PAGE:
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Why Do Students Drop Out of College?

Mark Kantrowitz

December 17, 2009

Students who self-identified as troublemakers in high school were less likely to graduate, with 17% of students who dropped out saying they were troublemakers, compared with only 6% of students who graduated. Of the students who dropped out, 23% said that they spent too much time socializing and not enough time studying, compared with 14% of students who graduated. 18% of the students who dropped out said that it was hard to pay attention in class, compared with 9% of the students who graduated.

Two-thirds (65%) of the students who dropped out have thought a lot about returning to school. However, many indicated that they might not return even if they got a grant for tuition and books (but not living expenses). The reasons given for not returning included needing to work (56%), family commitments (53%), affordability (26%) and no classes that fit their schedule (17%). Food and shelter are considered more important than education.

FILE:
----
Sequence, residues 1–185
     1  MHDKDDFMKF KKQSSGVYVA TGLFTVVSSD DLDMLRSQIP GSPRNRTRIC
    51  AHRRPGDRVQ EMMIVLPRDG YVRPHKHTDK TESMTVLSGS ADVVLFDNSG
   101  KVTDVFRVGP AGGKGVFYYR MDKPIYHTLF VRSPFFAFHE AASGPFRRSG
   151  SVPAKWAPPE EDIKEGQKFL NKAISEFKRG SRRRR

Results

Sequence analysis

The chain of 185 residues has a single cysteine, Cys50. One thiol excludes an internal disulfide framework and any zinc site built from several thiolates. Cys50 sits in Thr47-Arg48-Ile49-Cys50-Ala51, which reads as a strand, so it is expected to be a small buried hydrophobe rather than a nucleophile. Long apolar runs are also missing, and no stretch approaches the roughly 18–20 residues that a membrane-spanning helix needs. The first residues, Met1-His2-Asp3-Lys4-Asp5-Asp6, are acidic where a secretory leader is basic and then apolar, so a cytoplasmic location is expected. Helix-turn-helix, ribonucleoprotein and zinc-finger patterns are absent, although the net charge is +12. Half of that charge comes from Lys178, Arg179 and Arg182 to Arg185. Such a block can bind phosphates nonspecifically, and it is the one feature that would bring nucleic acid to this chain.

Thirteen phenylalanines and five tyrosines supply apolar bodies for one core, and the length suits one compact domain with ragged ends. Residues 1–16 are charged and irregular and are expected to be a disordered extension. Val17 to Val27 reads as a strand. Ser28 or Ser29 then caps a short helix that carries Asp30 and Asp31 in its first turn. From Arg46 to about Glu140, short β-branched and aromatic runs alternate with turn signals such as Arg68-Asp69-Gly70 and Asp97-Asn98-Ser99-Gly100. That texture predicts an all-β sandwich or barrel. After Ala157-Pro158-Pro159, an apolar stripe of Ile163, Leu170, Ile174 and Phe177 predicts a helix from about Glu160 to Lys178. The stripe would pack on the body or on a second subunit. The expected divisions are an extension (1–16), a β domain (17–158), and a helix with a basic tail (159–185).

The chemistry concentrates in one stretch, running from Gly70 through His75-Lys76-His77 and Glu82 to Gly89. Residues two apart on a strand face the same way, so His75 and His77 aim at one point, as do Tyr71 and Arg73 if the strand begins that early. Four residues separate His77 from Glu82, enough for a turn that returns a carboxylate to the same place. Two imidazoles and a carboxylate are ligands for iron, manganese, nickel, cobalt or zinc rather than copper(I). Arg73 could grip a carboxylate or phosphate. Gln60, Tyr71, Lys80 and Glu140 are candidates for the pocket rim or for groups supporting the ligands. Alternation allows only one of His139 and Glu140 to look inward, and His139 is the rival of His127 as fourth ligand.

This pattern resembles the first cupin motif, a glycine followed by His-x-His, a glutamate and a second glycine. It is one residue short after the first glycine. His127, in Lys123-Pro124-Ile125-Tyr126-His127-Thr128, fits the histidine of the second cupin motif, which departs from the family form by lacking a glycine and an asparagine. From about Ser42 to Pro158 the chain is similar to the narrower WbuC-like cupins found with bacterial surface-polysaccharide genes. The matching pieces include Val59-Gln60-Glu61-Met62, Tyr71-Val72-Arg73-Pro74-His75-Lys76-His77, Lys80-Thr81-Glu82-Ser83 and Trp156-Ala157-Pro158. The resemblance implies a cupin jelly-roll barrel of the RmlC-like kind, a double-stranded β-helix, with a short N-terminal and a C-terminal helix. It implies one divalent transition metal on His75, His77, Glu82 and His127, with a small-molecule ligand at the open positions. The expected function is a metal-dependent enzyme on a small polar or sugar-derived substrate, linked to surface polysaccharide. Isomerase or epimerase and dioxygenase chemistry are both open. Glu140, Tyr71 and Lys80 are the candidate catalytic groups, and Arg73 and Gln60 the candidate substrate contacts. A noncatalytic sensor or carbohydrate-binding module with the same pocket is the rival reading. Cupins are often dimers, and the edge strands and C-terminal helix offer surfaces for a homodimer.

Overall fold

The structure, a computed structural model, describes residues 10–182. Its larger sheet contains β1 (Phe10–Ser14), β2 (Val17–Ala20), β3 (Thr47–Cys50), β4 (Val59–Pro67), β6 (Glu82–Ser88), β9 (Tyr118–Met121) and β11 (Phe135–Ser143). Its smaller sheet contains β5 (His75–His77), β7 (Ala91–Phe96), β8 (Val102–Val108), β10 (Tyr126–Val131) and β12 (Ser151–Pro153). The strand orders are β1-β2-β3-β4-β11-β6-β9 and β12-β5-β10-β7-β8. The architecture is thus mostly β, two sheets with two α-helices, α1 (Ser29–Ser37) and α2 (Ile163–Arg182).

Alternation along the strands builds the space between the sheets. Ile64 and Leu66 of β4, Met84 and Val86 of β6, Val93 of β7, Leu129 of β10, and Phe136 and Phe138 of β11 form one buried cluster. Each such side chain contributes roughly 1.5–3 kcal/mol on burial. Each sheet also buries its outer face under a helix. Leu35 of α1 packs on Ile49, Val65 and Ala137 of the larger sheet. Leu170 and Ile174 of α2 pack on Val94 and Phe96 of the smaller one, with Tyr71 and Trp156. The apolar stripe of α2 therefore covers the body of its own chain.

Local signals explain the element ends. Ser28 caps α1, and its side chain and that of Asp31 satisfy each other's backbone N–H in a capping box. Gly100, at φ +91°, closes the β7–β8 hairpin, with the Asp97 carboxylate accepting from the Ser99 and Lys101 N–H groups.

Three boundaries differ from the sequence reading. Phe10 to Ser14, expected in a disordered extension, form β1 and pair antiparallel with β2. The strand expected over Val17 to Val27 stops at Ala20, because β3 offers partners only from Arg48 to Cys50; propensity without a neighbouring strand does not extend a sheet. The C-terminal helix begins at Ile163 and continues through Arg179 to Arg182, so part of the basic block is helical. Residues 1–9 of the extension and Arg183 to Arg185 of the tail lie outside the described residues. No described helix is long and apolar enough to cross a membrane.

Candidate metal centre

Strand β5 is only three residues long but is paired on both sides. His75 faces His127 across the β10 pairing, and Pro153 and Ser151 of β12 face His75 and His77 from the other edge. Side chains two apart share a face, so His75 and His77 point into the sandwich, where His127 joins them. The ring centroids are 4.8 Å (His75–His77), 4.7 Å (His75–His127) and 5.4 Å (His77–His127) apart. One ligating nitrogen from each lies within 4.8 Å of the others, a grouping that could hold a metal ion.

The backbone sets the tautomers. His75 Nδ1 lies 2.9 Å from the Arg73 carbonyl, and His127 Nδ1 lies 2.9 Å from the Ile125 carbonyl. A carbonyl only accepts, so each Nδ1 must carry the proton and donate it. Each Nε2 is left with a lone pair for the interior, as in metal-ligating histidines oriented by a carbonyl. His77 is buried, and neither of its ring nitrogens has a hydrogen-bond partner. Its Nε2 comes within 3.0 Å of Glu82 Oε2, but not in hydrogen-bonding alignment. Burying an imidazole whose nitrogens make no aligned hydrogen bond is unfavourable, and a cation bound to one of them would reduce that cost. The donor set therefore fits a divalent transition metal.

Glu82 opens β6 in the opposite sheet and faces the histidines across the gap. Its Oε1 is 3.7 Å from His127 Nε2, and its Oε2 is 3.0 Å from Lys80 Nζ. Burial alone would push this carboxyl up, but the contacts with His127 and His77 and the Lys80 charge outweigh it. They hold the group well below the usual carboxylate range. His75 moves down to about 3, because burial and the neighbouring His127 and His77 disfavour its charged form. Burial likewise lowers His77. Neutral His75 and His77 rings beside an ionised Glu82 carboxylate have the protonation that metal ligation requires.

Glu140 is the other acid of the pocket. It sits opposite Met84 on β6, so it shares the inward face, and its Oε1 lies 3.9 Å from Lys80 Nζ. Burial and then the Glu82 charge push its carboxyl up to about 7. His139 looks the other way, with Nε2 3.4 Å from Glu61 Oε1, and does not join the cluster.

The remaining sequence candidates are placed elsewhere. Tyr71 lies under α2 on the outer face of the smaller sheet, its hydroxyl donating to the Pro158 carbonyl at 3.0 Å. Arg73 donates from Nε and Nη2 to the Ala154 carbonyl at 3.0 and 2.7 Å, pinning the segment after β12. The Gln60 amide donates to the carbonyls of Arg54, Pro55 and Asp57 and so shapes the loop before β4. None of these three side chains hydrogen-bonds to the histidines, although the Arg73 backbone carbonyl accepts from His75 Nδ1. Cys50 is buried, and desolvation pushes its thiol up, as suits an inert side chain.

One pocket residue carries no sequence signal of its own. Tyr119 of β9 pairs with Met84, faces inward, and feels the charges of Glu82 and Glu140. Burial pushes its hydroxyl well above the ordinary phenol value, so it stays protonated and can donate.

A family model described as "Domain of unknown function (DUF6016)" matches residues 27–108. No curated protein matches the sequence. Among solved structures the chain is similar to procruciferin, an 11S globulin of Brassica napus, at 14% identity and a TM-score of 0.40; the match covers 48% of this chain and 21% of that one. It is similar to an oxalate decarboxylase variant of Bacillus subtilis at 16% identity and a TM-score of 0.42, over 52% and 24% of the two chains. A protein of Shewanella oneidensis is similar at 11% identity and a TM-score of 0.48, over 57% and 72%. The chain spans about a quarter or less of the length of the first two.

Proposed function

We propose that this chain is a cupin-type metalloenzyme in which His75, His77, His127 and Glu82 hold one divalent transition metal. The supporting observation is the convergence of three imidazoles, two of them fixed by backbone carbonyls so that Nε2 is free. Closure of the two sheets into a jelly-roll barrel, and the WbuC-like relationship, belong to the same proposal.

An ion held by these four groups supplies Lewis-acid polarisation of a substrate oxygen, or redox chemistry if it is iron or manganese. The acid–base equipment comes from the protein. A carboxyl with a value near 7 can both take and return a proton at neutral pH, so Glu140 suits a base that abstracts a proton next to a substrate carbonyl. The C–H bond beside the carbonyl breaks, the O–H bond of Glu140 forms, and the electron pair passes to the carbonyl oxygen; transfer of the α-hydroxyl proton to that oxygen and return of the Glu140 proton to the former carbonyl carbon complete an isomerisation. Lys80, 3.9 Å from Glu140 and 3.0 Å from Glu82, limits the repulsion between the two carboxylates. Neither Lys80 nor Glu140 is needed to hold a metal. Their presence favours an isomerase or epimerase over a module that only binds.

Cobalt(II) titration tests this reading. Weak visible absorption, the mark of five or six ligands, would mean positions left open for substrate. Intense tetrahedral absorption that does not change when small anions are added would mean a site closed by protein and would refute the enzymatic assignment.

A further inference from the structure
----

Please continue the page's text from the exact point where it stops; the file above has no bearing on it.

Students who did not graduate suggested a variety of solutions for increasing graduation rates: Allowing part-time students to qualify for student aid (81%), providing more flexible weekend/evening classes (78%), cutting college costs by 25% (78%), providing more college loans (76%), provide child care (76%), promoting good study habits in high school (73%) and providing health insurance to students even if they are enrolled part-time (69%). Factors that increase graduation rates also include traditional enrollment immediately after high school graduation, enrolling on a full-time basis and working less while in school.

The study was based on a survey of 614 students aged 22 to 30 with some 2-year or 4-year college experience. The survey was conducted between May 7, 2009 and June 24, 2009. The survey results have a margin of error of +/- 4.8%.


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